When an SR-22 is issued and filed with DPS, the company that issued the SR-22 monitors the status of the policy to which the SR-22 is attached. The SR-22 remains effective until the issuing company notifies DPS that the policy has terminated. Many insurance companies consider the SR-22 to be high-risk and will not be happy if you try to get them to issue the form, and this will usually flag the policy for non-renewal. Other companies may issue the SR-22 but move your policy into a high-risk category, significantly raising your rates–and don’t forget, all drivers and vehicles on a policy are forced into the high-risk pool.

Some insurance agents will try to sell you a non-owners policy written through the Texas Automobile Insurance Plan Association (TAIPA)–the “state pool.” This causes numerous problems. The process forces a company to provide the SR-22 to you, so many of these companies are actively looking for a reason to cancel your policy, something that is very easy to do. Since the assigned company is not required to provide insurance for a driver with a suspended license, they can simply cancel the policy and remove themselves from the risk. Additionally, it might take weeks before you actually receive the SR-22.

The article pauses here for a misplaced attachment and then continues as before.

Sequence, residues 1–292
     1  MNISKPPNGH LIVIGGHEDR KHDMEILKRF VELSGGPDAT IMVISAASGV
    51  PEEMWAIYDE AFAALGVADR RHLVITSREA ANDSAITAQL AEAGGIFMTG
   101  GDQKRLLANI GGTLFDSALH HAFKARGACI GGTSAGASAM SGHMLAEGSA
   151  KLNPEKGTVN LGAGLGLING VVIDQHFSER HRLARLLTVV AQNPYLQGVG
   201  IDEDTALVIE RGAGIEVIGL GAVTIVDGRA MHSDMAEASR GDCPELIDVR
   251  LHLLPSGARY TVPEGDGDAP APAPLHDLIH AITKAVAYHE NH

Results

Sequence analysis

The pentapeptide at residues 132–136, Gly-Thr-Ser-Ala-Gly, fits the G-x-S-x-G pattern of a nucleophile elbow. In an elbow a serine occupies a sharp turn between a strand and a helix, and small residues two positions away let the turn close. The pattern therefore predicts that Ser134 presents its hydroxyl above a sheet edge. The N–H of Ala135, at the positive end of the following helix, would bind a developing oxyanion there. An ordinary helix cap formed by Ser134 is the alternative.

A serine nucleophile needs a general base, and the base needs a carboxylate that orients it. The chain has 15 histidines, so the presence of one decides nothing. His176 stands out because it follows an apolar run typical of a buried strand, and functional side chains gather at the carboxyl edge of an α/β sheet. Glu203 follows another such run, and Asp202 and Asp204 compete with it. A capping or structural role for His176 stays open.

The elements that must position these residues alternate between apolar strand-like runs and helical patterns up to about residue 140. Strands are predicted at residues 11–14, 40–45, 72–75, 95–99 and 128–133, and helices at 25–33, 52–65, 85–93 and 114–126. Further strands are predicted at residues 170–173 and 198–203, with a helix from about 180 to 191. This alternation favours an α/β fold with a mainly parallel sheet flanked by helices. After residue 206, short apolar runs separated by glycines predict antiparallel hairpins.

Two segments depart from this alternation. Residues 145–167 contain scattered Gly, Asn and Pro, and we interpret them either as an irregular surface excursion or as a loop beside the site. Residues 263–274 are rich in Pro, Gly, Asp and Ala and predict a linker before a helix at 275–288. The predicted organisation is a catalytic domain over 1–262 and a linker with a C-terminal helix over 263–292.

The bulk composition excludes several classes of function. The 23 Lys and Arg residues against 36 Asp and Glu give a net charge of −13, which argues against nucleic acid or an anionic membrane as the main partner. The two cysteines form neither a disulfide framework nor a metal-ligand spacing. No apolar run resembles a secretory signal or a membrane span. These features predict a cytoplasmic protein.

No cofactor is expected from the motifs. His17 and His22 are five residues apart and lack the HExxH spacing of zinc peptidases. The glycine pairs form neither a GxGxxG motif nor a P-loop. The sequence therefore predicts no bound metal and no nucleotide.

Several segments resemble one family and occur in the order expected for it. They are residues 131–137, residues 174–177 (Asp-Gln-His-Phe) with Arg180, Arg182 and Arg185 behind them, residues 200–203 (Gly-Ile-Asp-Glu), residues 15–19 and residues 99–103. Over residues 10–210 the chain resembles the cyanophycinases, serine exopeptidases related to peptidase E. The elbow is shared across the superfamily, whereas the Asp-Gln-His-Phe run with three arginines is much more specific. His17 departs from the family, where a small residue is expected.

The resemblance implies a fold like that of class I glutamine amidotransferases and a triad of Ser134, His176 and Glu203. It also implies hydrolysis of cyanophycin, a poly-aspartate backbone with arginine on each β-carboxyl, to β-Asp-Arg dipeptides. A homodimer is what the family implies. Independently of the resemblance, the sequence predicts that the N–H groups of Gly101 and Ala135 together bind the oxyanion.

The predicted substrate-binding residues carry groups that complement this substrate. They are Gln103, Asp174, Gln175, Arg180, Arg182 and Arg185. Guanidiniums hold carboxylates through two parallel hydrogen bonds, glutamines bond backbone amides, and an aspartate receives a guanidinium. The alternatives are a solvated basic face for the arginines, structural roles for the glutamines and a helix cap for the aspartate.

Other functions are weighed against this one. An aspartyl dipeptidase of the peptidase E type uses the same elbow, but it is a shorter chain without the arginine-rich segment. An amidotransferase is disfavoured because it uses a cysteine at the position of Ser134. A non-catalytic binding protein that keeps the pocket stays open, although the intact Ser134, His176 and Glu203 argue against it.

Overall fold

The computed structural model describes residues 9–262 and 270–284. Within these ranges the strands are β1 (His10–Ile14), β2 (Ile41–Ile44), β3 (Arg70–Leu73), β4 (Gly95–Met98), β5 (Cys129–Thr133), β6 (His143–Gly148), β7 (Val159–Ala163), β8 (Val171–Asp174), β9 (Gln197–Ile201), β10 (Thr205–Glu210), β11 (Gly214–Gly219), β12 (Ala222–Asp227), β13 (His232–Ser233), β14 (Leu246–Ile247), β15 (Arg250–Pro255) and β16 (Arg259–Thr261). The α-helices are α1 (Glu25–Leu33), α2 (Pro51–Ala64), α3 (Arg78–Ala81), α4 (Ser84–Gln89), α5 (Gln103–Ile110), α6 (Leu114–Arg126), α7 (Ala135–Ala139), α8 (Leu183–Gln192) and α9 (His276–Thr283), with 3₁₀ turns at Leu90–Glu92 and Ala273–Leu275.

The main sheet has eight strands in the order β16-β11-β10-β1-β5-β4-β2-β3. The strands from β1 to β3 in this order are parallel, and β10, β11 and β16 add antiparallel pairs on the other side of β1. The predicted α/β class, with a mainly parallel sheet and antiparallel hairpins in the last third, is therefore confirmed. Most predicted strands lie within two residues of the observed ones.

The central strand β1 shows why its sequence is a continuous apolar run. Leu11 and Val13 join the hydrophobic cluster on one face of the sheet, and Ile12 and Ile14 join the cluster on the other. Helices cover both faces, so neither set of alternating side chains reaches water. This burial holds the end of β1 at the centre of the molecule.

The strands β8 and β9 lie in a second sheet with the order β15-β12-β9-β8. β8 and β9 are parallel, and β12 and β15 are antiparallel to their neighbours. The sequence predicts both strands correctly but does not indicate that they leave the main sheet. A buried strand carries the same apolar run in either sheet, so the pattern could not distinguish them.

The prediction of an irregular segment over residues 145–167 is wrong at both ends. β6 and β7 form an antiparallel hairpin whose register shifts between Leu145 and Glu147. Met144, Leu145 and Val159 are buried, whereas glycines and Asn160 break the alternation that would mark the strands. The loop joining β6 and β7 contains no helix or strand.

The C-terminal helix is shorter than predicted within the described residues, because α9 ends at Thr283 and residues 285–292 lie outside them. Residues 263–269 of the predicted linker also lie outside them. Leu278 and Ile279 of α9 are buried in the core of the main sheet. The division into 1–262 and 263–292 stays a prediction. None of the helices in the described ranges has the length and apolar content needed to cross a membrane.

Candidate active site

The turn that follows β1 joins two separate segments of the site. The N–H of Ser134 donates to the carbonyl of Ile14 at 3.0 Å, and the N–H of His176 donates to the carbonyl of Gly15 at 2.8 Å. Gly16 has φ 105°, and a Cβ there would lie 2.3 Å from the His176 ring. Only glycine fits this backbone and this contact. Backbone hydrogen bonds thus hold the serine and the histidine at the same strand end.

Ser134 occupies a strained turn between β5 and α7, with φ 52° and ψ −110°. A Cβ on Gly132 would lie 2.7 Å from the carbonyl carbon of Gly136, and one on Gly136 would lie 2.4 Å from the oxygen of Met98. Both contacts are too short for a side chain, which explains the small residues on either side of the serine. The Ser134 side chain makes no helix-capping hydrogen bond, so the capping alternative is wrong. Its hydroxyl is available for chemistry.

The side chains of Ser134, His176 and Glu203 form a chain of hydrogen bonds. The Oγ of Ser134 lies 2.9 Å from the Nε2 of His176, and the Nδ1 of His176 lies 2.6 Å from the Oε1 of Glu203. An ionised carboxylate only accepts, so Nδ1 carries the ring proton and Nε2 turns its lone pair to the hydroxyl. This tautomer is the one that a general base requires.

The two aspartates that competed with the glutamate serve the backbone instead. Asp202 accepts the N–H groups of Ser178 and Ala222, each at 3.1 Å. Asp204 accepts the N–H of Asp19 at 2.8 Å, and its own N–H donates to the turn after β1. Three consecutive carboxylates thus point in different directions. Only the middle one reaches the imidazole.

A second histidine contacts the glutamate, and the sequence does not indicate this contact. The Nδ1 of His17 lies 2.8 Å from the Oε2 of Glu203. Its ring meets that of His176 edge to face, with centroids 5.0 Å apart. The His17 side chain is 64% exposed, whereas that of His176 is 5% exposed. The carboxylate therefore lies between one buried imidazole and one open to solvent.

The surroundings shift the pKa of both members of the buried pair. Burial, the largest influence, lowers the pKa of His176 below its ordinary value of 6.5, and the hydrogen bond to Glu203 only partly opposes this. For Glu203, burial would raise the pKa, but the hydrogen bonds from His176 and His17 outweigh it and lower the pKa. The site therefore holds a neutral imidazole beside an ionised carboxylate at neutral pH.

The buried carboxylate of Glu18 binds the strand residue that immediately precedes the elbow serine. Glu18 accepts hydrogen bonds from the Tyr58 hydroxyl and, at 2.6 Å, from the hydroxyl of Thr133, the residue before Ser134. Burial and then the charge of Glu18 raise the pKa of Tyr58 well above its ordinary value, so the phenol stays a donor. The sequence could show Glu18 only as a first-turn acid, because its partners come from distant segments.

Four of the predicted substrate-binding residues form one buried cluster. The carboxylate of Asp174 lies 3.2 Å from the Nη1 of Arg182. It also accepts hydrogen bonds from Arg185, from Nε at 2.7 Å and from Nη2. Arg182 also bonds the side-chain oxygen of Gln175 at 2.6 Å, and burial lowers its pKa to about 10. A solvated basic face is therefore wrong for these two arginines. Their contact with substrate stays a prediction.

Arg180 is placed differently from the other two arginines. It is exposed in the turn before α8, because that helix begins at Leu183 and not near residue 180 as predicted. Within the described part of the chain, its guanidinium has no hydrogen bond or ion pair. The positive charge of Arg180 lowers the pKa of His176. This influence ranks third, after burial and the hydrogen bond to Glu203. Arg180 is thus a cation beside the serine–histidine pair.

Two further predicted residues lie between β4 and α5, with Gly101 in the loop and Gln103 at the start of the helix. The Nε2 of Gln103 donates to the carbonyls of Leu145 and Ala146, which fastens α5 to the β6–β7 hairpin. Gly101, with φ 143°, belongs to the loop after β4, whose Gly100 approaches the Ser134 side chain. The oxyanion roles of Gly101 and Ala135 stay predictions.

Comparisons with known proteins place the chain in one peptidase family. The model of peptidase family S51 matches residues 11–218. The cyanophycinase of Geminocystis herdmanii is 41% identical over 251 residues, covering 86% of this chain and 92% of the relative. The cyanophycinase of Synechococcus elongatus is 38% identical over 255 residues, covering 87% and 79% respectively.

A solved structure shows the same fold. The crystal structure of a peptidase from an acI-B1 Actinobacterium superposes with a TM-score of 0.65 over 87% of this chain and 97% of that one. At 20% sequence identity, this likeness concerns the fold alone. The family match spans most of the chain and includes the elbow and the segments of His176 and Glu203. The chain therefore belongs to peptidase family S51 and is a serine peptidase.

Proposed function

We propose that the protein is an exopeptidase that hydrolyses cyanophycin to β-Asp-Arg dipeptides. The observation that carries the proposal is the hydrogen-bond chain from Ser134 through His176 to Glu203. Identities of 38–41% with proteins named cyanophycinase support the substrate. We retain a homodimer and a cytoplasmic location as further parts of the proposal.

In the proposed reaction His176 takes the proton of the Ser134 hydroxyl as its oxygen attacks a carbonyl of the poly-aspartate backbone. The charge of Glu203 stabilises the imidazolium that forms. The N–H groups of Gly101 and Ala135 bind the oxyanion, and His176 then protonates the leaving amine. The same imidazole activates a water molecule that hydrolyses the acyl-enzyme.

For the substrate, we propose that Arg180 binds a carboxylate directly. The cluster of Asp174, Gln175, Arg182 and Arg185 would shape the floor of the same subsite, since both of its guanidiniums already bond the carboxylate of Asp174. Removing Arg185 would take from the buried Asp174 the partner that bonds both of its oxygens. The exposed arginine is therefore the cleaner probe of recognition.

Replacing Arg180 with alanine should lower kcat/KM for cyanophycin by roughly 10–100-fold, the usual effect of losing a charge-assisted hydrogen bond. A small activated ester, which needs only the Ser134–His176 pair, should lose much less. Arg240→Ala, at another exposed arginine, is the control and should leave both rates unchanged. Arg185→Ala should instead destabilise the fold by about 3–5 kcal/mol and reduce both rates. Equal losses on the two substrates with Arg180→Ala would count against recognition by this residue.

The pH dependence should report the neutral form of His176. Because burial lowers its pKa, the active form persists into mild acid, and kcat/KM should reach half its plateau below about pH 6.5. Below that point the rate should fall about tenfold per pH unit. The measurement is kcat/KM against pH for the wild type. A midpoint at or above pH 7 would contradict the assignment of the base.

When you choose a company to provide you with an SR-22, find a company that will email you a copy of the SR-22 in addition to the SR-37. This will save annoyance and hassle. You can visit the Texas Department of Insurance for a complete list of insurance companies that provide SR-22s.

There are several other considerations in choosing a proper SR-22 insurance source. I’m always happy to discuss, so please give me a call at (888) 239-9305 or contact the Dallas office via email here.